The last of the American combat troops have been withdrawn from Iraq, and by the end of this month 50,000 U.S. soldiers will remain — those tasked with training Iraq’s armed forces. But the sad question lingers in many Americans’ minds: Did this war achieve anything, or was it waged entirely in vain?

No one in the U.S. — not even those who so vehemently championed the war in its early days — still talks about an “American victory” in Iraq.

The original objective of this seven-year conflict was to find suspected weapons of mass destruction. But despite confident assurances from President George W. Bush and his top advisers that Saddam Hussein’s government had
obtained and developed these extremely dangerous weapons, it now seems clear that all the talk of WMDs was simply an excuse for invading and occupying Iraq.

As we all know, the weapons were never found. Former Secretary of State Colin Powell’s now infamous speech to the United Nations in February 2003, during which he pinpointed the exact locations of those supposed hidden weapons, was pure fiction.

After that, the mistakes and half-truths only escalated. U.N. inspectors were denied the extra time it would have taken to confirm or contradict the United States’s suspicion that Iraq possessed such deadly weapons. The decision to invade had already been made: The Bush administration had set its sights on dismantling Saddam Hussein’s government.

The war began on March 20, 2003. A few days later, I was at the Kuwait-Iraq border, and I witnessed firsthand the Iraqi people’s cold reaction as the American troops arrived. It was a very bad sign. Our servicemen and women were hardly greeted as liberators; contrary to Washington’s optimistic expectations, there were no flowers thrown, no music or dancing in the streets.

When it finally became clear that no weapons of mass destruction were to be found, the United States’s overall objectives in Iraq changed. Now the alleged purpose of the war was to overthrow Saddam.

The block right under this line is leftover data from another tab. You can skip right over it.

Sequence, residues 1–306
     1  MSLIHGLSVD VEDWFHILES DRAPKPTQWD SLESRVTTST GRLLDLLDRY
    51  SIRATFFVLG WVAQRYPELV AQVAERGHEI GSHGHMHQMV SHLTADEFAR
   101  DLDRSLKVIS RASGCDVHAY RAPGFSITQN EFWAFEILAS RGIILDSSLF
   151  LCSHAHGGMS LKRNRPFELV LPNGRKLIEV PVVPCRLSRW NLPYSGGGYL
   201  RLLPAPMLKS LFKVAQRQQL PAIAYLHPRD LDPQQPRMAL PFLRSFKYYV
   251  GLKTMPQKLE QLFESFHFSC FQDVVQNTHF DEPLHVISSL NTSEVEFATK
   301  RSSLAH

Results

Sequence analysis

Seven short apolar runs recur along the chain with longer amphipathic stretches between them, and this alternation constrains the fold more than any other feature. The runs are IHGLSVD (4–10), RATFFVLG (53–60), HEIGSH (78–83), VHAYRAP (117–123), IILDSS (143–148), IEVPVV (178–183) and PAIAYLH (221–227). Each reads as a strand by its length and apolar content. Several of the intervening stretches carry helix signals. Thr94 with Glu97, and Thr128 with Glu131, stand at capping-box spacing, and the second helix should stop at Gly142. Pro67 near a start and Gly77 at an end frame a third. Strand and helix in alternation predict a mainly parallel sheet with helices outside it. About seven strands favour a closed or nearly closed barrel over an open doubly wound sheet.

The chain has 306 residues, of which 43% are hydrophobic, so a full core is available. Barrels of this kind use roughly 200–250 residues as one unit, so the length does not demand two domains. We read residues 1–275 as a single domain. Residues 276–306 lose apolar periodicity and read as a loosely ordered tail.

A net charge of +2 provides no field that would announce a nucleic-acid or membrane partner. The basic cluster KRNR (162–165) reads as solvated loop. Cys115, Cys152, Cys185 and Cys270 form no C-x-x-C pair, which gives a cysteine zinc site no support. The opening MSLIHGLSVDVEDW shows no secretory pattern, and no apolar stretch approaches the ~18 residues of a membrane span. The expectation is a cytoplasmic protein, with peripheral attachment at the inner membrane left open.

Now, no one denies that Saddam was a despot and a bloodthirsty dictator. But he had absolutely nothing to do with the terrorist attacks of Sept. 11, 2001, that killed almost 3,000 people in the U.S. Nothing. And yet the Bush
administration made its case for the Iraq invasion in part by drawing a nonexistent line from Saddam to 9/11.

If one of the official responsibilities of the United States government was to overthrow foreign dictators, then there would be a rather long list of tyrants to choose from. Foreign Policy magazine recently published the names of 23 authoritarian leaders currently in power around the world: Kim Jong Il has led North Korea for 16 years; Robert Mugabe has ruled Zimbabwe for three decades; Moammar Gadhafi hasn’t loosened his grip on Libya in 41 years. And the Castro brothers have dictated Cuba’s path for the last half-century. But, for some strange reason, the United States only went after Saddam.

Then, with Saddam locked up and no weapons of mass destruction uncovered, the war’s main objective shifted once more. Now the central goal, we were told, was to bring democracy to Iraq — to teach Sunnis, Shiites and Kurds the fine art of negotiation and compromise.

In March, amid the unthinkable violence of an ongoing war, Iraq finally held parliamentary elections. But the results were inconclusive and, five months later, the political deadlock has prevented any new government from forming. It would be foolish to think that merely holding elections somehow signals that Iraq is now a true democracy.

Meanwhile, more than 4,400 American troops and at least 90,000 Iraqi civilians have been killed in the war since 2003, according to the Department of Defense and Iraq Body Count, respectively. And the war thus far is estimated to have cost more than $700 billion dollars. After all this, are Americans any safer?

No one can agree on the answer. Some say that rather than reducing the risk of a future terrorist attack on the United States, the Iraq War has actually multiplied it.

So today the United States is withdrawing from Iraq without having found weapons of mass destruction, without having introduced real democracy to the Iraqi people and without any kind of certainty that the war has reduced the risk of terrorist attacks on American soil — in short, without being able to claim victory.

After so much effort and sacrifice, when will we know whether it was all worth it?

By Jorge Ramos Avalos
Distributed by The New York Times Syndicate
© 2010 Jorge Ramos
(July 26, 2010)


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Jorge Ramos has been the anchorman for Noticiero Univision since 1986. He writes a weekly column for more than 40 newspapers in the United States and Latin America, and provides daily radio commentary for the Radio Univision network. Ramos also hosts Al Punto, Univision’s weekly public affairs program offering analysis of the week’s top stories, and Fusion’s AMERICA with Jorge Ramos, a news program geared towards young adults. Ramos has won eight Emmy awards and is the author of ten books, most recently, STRANGER - The Challenge of a Latino Immigrant in the Trump Era.

A survey conducted by the Pew Hispanic Center found that Ramos is the second most recognized Latino leader in the country. Latino Leaders magazine chose him as one of “The Ten Most Admired Latinos” and “101 Top Leaders of the Latino Community in the U.S.”